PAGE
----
Sunday, August 16, 2015

Le Nozze di Figaro at dell'Arte Opera Ensemble

On Friday night I was delighted to be in attendance at the opening of Le Nozze di Figaro, part of dell'Arte Opera Ensemble's Beaumarchais Trilogy. (Pierre Beaumarchais [1732-1799] wrote the plays on which Le Nozze di Figaro and Il Barbiere di Siviglia are based.) I was quite impressed with the company's all-Shakespeare season last year, and thought their work on the two shows I saw was quite amazing. I was excited to see what they would do with Beaumarchais, and I was not disappointed. (Click this link to see a profile I recently published of dell'Arte Opera and its training program for singers.)

Rodolfo Nieto as Figaro with Olivia Betzen as Susanna
Photo:  Brian Long
The cast was a fine group of young singer-actors, without a dud in the bunch. In any Nozze production, Figaro himself is what I want to hear about, and I'm happy to report that Rodolfo Nieto was a fine young Figaro. Strapping, athletic, and handsome, Mr. Nieto sings with beautiful tone and commitment to the text, and acts Figaro's many contrasting and at times contradictory feelings with confidence. His Susanna was Olivia Betzen, whose feisty characterization and musically sensitive singing were an equal to Mr. Nieto's Figaro.

The other primary couple, the Count and Countess, were beautifully sung by John Callison and Jennifer Townshend. Ms. Townshend opened Act II with a tentative but lovely "Porgi amor" and warmed up to fully confident singing and acting throughout. The Countess, the same character as Rosina in Il Barbiere di Siviglia, is just as spunky as Rosina (and Susanna), but two or three years older. She and Susanna really are friends as well as mistress and servant.

We appreciated John Callison's singing (and his abs) in last year's The Fairy Queen, and we continue to be pleased with his singing and acting. (For some strange reason his abs were not on view in this role.) The Count is the most complex character in Nozze--part privileged young man with a feeling of entitlement to whatever he wants, including Susanna, and part stick-in-the-mud comic straight man who isn't clever enough to keep up with Figaro, Susanna, and the Countess. We were able to see all of this in Mr. Callison's multi-dimensional characterization.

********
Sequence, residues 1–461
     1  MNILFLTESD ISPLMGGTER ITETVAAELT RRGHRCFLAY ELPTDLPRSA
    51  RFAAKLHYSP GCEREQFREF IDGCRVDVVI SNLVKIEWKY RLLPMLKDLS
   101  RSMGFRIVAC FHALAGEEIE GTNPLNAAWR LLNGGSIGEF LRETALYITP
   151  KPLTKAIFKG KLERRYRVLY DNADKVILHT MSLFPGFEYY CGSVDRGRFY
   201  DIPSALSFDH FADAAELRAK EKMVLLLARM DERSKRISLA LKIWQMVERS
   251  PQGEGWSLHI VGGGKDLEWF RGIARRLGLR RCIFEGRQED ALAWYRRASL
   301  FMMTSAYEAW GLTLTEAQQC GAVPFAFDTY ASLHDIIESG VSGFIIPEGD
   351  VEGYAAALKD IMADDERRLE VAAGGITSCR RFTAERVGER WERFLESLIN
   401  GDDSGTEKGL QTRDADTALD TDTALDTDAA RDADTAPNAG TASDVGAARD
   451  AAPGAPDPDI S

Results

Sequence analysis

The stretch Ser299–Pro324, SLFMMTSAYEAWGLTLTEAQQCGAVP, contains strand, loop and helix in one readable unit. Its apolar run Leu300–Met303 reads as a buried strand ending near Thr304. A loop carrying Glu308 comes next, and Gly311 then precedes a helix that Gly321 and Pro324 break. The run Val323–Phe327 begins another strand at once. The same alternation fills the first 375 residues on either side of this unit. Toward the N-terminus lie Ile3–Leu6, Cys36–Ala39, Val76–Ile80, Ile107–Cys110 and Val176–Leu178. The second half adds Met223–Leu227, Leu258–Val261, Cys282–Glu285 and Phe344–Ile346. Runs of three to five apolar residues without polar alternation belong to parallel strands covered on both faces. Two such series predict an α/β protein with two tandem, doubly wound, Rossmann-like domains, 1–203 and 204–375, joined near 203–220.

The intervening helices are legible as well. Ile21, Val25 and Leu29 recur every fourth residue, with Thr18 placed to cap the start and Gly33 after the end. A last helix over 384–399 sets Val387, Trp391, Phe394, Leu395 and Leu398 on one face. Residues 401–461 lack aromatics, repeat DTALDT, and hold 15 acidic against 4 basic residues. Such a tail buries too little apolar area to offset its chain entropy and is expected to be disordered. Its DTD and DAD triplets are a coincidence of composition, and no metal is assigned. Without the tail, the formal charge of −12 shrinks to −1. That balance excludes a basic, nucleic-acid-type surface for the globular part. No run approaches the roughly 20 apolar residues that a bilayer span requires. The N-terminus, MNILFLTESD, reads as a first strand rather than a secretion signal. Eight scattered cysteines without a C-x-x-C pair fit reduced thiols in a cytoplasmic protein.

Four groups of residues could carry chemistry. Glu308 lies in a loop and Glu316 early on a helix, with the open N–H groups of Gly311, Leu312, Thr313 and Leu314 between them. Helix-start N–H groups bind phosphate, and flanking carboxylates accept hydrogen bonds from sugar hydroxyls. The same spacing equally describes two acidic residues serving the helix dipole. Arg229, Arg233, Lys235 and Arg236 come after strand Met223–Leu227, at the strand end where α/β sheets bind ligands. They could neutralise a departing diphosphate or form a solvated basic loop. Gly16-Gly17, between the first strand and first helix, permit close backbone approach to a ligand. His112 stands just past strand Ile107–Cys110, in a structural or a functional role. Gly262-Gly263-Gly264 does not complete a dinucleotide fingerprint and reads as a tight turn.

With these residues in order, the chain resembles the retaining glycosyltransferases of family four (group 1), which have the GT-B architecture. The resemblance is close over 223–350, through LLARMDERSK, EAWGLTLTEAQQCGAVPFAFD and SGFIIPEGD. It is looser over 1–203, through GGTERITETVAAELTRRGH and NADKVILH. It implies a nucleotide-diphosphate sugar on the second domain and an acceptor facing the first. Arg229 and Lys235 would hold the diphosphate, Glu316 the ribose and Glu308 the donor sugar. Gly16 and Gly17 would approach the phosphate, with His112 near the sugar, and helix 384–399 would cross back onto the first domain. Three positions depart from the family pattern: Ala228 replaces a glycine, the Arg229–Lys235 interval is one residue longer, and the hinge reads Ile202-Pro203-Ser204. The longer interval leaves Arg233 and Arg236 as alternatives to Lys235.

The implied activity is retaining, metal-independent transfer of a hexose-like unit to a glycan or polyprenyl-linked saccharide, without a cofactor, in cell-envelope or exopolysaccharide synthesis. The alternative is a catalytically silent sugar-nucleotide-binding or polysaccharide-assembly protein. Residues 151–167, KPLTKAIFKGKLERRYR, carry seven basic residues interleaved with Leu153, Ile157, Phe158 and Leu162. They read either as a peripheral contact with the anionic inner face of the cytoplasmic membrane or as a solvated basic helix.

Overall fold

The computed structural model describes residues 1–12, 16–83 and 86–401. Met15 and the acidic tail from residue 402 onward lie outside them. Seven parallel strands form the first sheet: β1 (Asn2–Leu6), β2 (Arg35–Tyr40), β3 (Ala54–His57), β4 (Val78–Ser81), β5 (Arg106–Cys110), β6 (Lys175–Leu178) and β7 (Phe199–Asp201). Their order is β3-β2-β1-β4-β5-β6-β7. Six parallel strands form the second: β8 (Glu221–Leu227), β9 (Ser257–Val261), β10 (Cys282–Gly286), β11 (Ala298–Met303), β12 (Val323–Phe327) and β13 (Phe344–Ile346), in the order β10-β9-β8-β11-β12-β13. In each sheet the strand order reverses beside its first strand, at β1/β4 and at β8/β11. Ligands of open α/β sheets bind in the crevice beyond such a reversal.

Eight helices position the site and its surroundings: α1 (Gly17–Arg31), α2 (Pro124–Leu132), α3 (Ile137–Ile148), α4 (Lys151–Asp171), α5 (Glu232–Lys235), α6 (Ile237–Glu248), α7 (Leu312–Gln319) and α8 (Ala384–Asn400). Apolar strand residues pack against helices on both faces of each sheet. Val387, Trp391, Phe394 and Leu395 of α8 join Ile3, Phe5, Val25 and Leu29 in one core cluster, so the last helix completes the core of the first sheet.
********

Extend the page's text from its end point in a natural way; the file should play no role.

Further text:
Heather Jones as Cherubino
Olivia Betzen as Susanna
Photo:  Brian Long
Cherubino is a teenage boy--all lust and dreams and play, but mostly lust. Heather Jones, who appears from her bio to be among the youngest of the cast members, gave us all of these qualities, along with an easy sound and skillful delivery.

As part of dell'Arte's thorough preparation, the singers work very hard on the libretto--the language of the time; the stage, style, and social customs of the time; and of course a word-for-word understanding of the entire libretto, not just their own lines. Although the singers wore current-day clothing (costume design by Carly Bradt), there was no period-specific feel. In fact, it appeared the intention was for the action to be based on 18th century reality, but also easily transferred to the current day. I credit Stage Director Eve Summer with this easy timelessness, as well as with the commitment each singer showed to every line of music.

Dell'Arte has a new orchestra this year, the highly-acclaimed Metamorphosis Chamber Orchestra. Dell'Arte veteran John Spencer is Music Director and Conductor for Nozze. On Friday night, I am sorry to report, the orchestra had the ragged sound of needing more rehearsal--inexact notes on fast passages, completely wrong entrances in one or two cases, occasional intonation issues--and there were times when conductor and singers were not in agreement on tempi. As the night wore on, orchestral playing improved and a cohesiveness was achieved, but still there were occasional errors from pit or podium.

Dell'Arte Opera Ensemble's Beaumarchais Trilogy Project continues through August 30, with more performances of Le Nozze di Figaro, as well as Paisiello's Il Barbiere di Siviglia and the 1978 opera Rosina, with libretto based on the Beaumarchais characters, although not directly from Beaumarchais.

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